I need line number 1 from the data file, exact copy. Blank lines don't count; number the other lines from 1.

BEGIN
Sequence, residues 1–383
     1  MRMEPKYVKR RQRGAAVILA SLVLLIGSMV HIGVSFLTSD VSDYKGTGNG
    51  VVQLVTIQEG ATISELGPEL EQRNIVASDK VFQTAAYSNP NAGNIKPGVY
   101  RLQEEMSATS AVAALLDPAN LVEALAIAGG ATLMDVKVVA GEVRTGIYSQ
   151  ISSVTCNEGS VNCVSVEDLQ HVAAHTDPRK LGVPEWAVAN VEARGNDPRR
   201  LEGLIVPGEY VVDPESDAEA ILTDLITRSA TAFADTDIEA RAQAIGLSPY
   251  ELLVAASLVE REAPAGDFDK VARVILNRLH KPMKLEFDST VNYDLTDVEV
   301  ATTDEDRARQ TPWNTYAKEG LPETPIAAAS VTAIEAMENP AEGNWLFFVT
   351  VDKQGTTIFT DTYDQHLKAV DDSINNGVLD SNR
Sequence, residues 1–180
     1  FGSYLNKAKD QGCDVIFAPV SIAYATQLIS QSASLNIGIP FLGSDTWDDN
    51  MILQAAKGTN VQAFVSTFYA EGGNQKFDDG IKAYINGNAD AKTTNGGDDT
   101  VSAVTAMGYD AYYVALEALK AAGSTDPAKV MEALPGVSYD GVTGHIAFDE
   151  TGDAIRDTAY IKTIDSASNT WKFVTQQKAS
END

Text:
Sequence, residues 1–383